Cohousing Neighbourhoods... Some people call them a return to the best of
small-town communities. Others say they are like a traditional village or
the close-knit neighbourhood where they grew up, while futurists call them
an altogether new response to social, economic and environmental challenges
of the 21st century. Each holds a piece of the truth. Cohousing is a concept
that came to North America in 1988 from Denmark where it emerged over 25
years ago. It describes neighbourhoods that combine the autonomy of private
dwellings with the advantages of shared resources and community living.
Residents usually own their individual homes, which are clustered around a
"common house" with shared amenities. These amenities may include a kitchen
and dining room, children's playroom, workshops, guest rooms, home office
support, arts and crafts area, laundry and more. Each home is
self-sufficient with a complete kitchen, but resident-cooked dinners are
often available at the common house for those who wish to participate. In
some communities participants will join a cooking team once or twice a
month - then sit and enjoy meals cooked by fellow residents the remaining
evenings of that month.
Cohousing residents participate in the planning, design, ongoing management
and maintenance of their community, meeting frequently to address each of
these processes. Cohousing neighbourhoods tend to offer environmentally
sensitive design with a pedestrian orientation. They typically range from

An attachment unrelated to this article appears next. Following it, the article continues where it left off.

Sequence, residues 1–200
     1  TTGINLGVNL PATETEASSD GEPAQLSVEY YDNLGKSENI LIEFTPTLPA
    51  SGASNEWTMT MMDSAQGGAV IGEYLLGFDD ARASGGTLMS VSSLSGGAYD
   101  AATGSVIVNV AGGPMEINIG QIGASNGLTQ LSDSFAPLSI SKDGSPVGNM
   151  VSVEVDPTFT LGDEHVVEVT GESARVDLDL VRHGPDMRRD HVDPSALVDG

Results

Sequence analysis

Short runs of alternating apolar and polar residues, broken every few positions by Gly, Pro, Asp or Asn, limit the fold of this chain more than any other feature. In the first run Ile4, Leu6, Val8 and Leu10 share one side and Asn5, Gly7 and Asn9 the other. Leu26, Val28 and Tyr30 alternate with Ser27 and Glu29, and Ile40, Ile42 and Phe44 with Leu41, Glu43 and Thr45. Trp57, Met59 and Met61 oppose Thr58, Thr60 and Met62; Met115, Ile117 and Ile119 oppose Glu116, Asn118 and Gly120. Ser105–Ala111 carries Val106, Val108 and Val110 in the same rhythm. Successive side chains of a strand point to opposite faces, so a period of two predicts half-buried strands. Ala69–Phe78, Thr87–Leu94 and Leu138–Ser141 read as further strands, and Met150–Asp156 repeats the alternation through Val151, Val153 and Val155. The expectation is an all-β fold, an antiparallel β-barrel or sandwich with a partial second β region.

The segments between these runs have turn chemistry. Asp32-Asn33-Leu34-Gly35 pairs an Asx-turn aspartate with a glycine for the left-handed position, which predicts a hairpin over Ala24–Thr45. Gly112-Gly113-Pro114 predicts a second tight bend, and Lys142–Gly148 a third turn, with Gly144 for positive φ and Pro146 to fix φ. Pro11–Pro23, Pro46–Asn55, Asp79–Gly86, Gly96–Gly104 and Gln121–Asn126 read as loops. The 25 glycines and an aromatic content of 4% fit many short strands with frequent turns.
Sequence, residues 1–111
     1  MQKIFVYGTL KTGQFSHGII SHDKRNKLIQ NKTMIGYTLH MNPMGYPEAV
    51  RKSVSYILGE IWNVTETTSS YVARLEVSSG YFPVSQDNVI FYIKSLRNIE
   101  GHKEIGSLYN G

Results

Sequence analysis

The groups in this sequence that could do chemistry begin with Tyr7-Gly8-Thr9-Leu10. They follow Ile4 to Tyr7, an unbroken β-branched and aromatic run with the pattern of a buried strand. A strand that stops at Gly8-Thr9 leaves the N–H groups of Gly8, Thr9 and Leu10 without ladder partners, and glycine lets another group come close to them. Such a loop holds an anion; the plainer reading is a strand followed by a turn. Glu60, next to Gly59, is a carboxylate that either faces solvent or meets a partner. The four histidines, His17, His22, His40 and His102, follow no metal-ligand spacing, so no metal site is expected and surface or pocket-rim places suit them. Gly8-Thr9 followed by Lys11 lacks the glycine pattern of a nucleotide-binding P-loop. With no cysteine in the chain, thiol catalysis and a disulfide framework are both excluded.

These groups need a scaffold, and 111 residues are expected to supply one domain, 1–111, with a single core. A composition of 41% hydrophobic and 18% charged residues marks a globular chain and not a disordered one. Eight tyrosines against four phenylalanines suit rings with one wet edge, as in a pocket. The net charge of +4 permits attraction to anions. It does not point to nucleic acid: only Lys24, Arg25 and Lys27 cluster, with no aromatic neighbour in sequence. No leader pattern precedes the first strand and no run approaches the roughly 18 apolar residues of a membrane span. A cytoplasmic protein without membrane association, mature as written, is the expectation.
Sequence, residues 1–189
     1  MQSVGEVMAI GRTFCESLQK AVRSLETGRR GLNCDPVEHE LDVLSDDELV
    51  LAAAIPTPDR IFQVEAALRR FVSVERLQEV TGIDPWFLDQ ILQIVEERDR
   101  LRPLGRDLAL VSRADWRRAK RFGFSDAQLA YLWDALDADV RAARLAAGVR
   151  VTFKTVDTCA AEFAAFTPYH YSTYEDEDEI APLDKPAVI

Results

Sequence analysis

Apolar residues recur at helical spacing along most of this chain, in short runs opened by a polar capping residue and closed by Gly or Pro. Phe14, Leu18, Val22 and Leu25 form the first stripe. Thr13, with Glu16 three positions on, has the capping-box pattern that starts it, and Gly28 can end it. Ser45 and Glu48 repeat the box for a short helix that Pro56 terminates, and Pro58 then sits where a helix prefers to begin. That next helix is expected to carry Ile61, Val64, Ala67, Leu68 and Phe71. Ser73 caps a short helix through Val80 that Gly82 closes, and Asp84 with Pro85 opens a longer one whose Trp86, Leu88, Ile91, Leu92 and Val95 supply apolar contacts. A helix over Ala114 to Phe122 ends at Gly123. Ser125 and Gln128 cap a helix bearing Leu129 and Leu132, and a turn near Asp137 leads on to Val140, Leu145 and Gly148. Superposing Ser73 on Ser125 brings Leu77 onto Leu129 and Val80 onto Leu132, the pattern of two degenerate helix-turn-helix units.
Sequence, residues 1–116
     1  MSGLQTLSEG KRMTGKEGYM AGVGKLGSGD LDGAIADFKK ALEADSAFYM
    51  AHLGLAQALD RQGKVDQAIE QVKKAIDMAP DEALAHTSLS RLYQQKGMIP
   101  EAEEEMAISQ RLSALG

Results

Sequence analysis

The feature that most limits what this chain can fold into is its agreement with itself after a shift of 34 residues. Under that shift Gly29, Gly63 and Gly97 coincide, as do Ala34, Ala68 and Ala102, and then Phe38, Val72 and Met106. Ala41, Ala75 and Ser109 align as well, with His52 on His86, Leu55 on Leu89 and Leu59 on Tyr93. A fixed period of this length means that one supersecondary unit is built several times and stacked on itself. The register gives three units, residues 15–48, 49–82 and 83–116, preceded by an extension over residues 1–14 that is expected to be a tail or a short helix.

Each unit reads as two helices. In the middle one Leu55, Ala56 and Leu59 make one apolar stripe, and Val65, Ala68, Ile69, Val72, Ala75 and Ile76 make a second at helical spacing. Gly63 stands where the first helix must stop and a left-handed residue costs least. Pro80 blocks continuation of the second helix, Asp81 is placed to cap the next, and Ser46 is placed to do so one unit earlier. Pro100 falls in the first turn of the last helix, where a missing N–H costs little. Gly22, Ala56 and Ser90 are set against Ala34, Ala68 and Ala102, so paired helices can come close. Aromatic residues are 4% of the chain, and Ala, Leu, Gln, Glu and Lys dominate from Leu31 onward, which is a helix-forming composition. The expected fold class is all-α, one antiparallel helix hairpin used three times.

10-35 households emphasizing a multi-generational mix singles, couples,
families with children, and elders.
In North America 119 cohousing communities have been completed since 1991
and there are currently more than 100 new communities in various stages of development. The level of social
interaction and shared resources varies among communities. A cohousing
development seems limited only by the imagination, desire and resources of
the group of people who are actively creating their own neighbourhood.
Cohousing groups are based in democratic principles that espouse no ideology
other than the desire for a more practical and social home environment.
Cohousing provides personal privacy combined with the benefits of living in
a community where people know and interact with their neighbours. It's about
living in a way that's responsive to a world that has changed dramatically
in the last fifty years-a world in which the home life has changed, women
are integral in the labour force, resource limitations and environmental
concerns are on the rise, and many people feel over extended. Cohousing
offers hope in our often dissociated society. Through cohousing, we can
build a better place to live, a place where we know our neighbours, a place
where we can enjoy a rich sense of community and contribute to a more